Though not well known in the United States, Nava Semel is among Israel’s most esteemed writers, perhaps best known for And the Rat Laughed, an extraordinary hybrid novel containing poetry, dream, diary, and science fiction which was later transformed into an extraordinary opera, one of the most unforgettable “Second Generation” Holocaust narratives you have probably never read. Semel is a recipient of the Women Writers of the Mediterranean Award and the Israeli Prime Minister’s Prize, among others. Isra-Isle, Semel’s latest novel to be translated into English, is another genre-bending triumph, and a particularly sophisticated contribution to the vibrant literary tradition of Jewish alternative histories like Michael Chabon’s The Yiddish Policeman’s Union, Philip Roth’s The Plot Against America, and Simone Zelitch’s recent Judenstaat, speculating on what might have happened had Jews settled in alternative Jewish homelands outside of the Middle East. Revisiting Mordechai Manuel Noah’s audacious 1825 scheme to create a refuge for his coreligionists on Grand Island, just downriver from the Niagara Falls, Semel’s Isra-Isle poses urgent questions about the meaning of collective memory, peoplehood, and heritage in the author’s own inimitable way.
Isra-Isle—the very name seems to express a fracture, an impossible attempt to suture a void, or perhaps an unhealed wound. Structured in three discrete temporalities, each is written in a strikingly different style ranging from detective noir to lyricism. In Part One, which reads like a classic detective story, we trace the steps of Liam, a descendant of Noah who travels from Israel to reclaim his grandfather’s legacy only to vanish without a trace. Simon Lenox, a police detective of Native American ancestry, is pressured by his superiors to find Liam and beset with his own unsettling origin dreams — as well as an erotic entanglement that seems to carry mysterious undertones of a deeper attachment. The further he proceeds with his investigation, the more metaphysical his search becomes. Most good literary fiction requires a strong degree of empathy, but Semel places that challenge front and center as the reader follows the resentful detective, who in turn tracks down the strange Jew, and comes to root for this beleaguered character, endlessly frustrated by the peculiar ways of Jewish Israelis and forced to make the fateful choice to step into the shoes of the Other.
Reaching the shores of Isra-Isle in the novel’s final section at last, the novel confronts the intriguing cultural complexities that ensue when the true homeland of the Jews is a water-saturated realm instead of a desert land. It is here that Semel raises fascinating questions about the nature of identity, a people’s psychology, and the environment that shapes it. One of the more captivating aspects of Semel’s tour de force is her sensitive and imaginative portrayal of intermingled Native American and Jewish traditions in both ritual (bar mitzvahs emulate tribal vision quests, prayer shawls decorated by feathers) and the trappings of statehood (Isra-Isle’s official flag displays a Magen David above sacred elm leaves, and so on). Another fascinating choice is Semel’s subtle portrayal of the trauma of 9/11 in two different versions, reflective of how certain mysterious traces of each of the novel’s three realities are present in the others, always in intricate and surprising ways that can be both poignant and funny all at once.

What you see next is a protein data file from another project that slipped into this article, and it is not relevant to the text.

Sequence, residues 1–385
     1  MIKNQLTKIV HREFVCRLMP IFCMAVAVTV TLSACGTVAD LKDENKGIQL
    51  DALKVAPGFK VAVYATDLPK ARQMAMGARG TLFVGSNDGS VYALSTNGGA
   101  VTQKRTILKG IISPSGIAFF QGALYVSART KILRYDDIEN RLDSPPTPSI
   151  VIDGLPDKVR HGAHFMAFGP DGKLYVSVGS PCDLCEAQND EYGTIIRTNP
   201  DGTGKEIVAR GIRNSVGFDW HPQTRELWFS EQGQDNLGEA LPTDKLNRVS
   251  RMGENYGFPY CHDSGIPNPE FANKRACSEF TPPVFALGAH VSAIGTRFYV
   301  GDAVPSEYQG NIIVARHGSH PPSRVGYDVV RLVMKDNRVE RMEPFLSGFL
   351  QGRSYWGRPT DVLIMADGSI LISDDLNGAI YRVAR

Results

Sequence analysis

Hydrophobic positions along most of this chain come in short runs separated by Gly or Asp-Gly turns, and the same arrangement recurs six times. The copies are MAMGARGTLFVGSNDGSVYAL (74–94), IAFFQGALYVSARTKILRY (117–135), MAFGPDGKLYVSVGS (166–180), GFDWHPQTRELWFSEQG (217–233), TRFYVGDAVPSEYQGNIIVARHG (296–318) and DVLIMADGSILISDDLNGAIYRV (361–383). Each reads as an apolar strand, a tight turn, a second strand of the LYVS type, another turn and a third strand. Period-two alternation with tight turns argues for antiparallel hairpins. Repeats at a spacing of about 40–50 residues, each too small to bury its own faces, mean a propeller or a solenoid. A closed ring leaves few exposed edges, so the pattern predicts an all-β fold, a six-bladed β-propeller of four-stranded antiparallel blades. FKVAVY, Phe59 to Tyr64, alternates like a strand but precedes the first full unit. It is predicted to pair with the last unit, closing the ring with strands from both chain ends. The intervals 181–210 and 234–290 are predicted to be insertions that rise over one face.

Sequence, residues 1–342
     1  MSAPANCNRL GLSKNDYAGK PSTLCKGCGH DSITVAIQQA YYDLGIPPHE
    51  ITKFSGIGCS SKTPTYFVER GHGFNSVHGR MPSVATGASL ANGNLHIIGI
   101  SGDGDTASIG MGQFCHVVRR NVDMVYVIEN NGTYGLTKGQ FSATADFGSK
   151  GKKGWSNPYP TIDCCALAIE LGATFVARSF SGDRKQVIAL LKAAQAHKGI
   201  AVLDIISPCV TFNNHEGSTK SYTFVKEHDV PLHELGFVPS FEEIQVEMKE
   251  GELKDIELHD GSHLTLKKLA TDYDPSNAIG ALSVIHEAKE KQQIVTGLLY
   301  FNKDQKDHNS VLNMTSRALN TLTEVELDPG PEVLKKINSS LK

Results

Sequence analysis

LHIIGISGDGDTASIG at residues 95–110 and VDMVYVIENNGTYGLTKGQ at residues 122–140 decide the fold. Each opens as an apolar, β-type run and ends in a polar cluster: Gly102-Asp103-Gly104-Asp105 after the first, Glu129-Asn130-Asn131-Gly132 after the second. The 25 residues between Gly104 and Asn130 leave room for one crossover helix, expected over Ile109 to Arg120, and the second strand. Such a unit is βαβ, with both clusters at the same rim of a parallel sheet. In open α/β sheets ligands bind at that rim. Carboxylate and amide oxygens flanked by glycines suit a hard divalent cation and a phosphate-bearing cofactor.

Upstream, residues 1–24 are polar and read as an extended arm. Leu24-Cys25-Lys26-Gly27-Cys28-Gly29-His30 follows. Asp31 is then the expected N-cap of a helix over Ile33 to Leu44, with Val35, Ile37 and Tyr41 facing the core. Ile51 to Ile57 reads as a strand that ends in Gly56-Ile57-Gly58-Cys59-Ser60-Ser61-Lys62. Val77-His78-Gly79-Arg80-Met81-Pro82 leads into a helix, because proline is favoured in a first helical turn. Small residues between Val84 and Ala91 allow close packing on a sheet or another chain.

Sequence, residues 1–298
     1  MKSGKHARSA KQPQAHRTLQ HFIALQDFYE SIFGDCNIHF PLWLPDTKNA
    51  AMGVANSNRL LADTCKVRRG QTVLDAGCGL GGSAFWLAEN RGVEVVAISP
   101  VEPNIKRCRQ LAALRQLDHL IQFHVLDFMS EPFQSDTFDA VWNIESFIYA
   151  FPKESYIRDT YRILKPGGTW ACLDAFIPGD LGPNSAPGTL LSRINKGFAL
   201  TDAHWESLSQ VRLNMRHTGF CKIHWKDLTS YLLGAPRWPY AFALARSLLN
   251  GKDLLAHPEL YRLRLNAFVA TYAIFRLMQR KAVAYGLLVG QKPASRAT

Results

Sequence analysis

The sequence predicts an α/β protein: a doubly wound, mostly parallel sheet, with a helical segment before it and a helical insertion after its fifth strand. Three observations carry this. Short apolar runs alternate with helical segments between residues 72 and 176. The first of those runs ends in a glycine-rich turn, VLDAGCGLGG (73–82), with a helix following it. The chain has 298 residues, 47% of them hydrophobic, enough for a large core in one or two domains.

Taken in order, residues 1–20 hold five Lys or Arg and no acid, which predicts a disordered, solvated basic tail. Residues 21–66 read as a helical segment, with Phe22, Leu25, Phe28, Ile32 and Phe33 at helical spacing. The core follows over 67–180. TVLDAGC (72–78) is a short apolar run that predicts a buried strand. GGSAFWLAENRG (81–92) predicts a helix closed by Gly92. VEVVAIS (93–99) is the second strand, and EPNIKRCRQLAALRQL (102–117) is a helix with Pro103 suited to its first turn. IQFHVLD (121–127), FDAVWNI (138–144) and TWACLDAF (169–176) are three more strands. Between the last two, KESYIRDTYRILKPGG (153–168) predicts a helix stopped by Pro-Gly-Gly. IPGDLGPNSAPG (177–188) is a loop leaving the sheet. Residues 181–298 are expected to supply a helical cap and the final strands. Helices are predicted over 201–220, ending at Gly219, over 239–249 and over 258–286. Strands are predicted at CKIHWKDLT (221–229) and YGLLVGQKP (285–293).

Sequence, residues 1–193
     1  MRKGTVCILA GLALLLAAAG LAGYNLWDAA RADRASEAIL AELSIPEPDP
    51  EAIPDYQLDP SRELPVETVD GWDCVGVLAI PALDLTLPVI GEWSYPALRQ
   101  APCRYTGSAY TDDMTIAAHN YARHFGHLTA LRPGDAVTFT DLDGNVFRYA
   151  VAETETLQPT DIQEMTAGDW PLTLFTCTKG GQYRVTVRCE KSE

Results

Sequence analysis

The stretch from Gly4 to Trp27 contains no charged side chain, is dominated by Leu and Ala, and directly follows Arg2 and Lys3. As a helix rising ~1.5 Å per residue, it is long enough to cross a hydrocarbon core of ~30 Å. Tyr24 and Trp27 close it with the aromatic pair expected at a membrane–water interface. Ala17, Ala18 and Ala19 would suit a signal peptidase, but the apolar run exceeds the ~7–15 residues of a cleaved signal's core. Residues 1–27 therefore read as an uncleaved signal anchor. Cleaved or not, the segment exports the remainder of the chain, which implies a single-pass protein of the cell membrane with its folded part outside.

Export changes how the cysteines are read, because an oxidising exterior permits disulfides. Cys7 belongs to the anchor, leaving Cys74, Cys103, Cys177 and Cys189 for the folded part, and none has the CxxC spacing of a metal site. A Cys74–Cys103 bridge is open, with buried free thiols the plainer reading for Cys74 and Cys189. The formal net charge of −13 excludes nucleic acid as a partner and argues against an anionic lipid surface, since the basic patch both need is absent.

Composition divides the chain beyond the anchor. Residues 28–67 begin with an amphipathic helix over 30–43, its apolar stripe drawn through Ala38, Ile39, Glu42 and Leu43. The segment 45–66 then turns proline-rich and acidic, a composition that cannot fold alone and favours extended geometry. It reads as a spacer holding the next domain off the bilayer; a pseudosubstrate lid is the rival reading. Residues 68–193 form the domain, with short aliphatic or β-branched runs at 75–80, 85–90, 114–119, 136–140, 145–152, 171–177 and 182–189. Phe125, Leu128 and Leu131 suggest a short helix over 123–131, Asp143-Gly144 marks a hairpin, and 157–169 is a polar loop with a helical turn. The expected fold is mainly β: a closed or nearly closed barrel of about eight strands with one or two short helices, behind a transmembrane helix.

Journeying through this fever dream of this novel, readers will likely find themselves challenged and provoked in unexpected ways, though surely not more than the author herself, who wrote to the Jewish Book Council that “Hebrew is my true homeland, my cradle, my comfort, the language in which I dream and make love. How strange, even bizarre, it is to wipe it out from a book written in it. But perhaps such paradoxes are the only way for an artist to put their fingers on the things that often escape them and point to some hidden truth.” In that respect, Semel has surely succeeded, for Isra-Isle—with Jessica Cohen’s sparkling translation, which delivers all the wit, lyrical power, and tender warmth of the Hebrew original — offers as haunting and thoroughly entertaining a story about the ancient and modern quest for home and belonging as one could hope for.
Ranen Omer-Sherman is the JHFE Endowed Chair in Judaic Studies at the University of Louisville and editor of the forthcoming book Amos Oz: The Legacy of a Writer in Israel and Beyond.